The noise around 5G is growing. The new mobile data standard is not only faster than 4G but also capable of handling many more devices, which promises a huge boom for the Internet of Things (IoT), smart cities and all kinds of connectivity. However, there is still plenty of work to be done.
At this year's Mobile World Congress, Samsung showed off its 5G home routers and wowed attendees with speeds of up to four gigabits-per-second . Real world speeds will be slower, of course. EE's 5G trials in the UK last year reached speeds of 2.8 gigabits-per-second, which is still a significant boost from 4G.
In the US, both T-Mobile and Verizon have promised to have 5G connectivity in dozens of cities by the end of 2019. Similar work is underway in South Korea and China. However, analysts say the European Union is lagging behind. In the UK, the spectrum auction necessary to begin the 5G era began a couple of months ago.
The first 5G-enabled smartphones probably won't be available until 2020 but we may not need the devices in our pockets to start seeing changes driven by the new standard.
City infrastructure will become smarter. Sensors will use the 5G network to transmit real-time data, from how full the bins are to which parking spaces are empty. That will help town planners understand demand and respond accordingly. Sending a truck to empty bins only when they are full, for example, will save time and fuel.
Smart meters that monitor energy usage will talk to smart grids that manage clean power storage and release it as necessary. Traffic lights and street lamps will monitor the flow of vehicles, warning autonomous cars of jams ahead and allowing them to plot a faster route. As Adam Nethersole wrote on this blog last year, Barcelona is already demonstrating the possibilities .
Crucially, autonomous cars will communicate with each other too, avoiding the problem of each car taking the same shortcut and inadvertently producing another jam. Fleets of smart cars will spread themselves out, meaning less congestion and less pollution too, from noise and emissions, because cars spend less time idling.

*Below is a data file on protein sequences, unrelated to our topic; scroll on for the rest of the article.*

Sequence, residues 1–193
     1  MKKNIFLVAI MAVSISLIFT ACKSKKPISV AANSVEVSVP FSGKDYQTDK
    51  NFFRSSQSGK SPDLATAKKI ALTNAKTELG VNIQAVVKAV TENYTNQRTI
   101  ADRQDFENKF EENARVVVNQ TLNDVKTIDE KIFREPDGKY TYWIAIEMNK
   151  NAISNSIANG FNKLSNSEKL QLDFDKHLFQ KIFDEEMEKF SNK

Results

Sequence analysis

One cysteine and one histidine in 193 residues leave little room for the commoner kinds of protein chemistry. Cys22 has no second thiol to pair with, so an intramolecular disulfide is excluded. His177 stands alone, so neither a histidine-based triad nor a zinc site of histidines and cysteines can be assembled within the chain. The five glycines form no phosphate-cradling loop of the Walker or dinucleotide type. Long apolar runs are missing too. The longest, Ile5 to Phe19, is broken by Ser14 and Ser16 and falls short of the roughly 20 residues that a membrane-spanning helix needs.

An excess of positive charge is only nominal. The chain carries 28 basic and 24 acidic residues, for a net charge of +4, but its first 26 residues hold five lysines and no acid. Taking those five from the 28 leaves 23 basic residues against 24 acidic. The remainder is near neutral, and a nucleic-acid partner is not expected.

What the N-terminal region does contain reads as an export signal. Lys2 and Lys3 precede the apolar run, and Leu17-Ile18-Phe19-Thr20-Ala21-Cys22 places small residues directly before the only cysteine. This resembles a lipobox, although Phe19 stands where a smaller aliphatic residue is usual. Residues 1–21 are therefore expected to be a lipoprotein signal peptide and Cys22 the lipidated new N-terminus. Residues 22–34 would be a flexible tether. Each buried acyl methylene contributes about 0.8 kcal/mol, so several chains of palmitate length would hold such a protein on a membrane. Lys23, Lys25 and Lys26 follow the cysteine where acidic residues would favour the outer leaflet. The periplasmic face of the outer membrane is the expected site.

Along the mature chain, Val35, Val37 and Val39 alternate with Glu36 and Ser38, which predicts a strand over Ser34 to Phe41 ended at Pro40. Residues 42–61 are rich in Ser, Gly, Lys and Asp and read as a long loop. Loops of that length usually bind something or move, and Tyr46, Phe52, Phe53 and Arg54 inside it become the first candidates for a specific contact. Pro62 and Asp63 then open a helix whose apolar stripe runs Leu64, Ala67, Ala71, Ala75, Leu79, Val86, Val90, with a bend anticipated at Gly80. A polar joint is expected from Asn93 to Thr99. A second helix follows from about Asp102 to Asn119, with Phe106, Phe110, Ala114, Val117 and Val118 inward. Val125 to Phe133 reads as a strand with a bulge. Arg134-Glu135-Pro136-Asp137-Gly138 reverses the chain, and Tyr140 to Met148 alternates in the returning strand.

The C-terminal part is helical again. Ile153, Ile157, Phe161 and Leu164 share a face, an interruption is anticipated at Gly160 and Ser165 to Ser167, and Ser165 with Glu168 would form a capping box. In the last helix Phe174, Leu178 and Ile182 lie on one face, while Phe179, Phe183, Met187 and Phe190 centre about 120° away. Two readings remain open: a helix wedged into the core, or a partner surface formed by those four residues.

Our streets will start to look different: instead of cluttering roads with signs for drivers, information, such as speed limits, can be transmitted and displayed inside the car instead. As autonomous cars replace human-driven ones, city centre car parks and petrol stations can be repurposed because the cars will take themselves out of town to park and refuel.
These cars will also be capable of sensing 5G signals from smartphones carried by pedestrians and cyclists - giving them early warning of approaching hazards. Individuals might be reticent at first of their phones being 'detected' by other devices, so privacy and security will be paramount.
Even so, we will be transmitting all kinds of other data. Doctors will receive streams of data from devices worn by patients. At first, this will be most useful to those with chronic health conditions, alerting clinicians of an approaching problem, but eventually we will see more wellness monitoring, with doctors calling us in if they detect early signs of a new condition.
As that data comes out, we'll get more data coming in - alerts from the smart home telling us that a parcel has arrived or that the kids are back safely from school, for example.
Cell towers on a 5G network are capable of handling many more connections - hundreds of thousands, rather than thousands - which will be vital with so many devices on the network. Some will require fat pipes, using 5G's speed to deliver streaming video games or 3D movies, but many will need only trickles of low bandwidth information, such as that from IoT devices.
As Doug Mohney wrote here last September, being able to send large amounts of data very quickly opens up the possibilities for edge computing. These devices do not need enormous power themselves when they can draw on intensive computation elsewhere. That's the final piece of the 5G puzzle.
However, as Doug noted, that capacity has to exist. The 5G revolution promises a lot but its scale means that it will happen slowly. Networks, city planners, car manufacturers, mobile OEMs, application developers and data centers all have work ahead of them if they are to be ready. Change, like using 4G in a busy stadium, is sometimes frustratingly slow.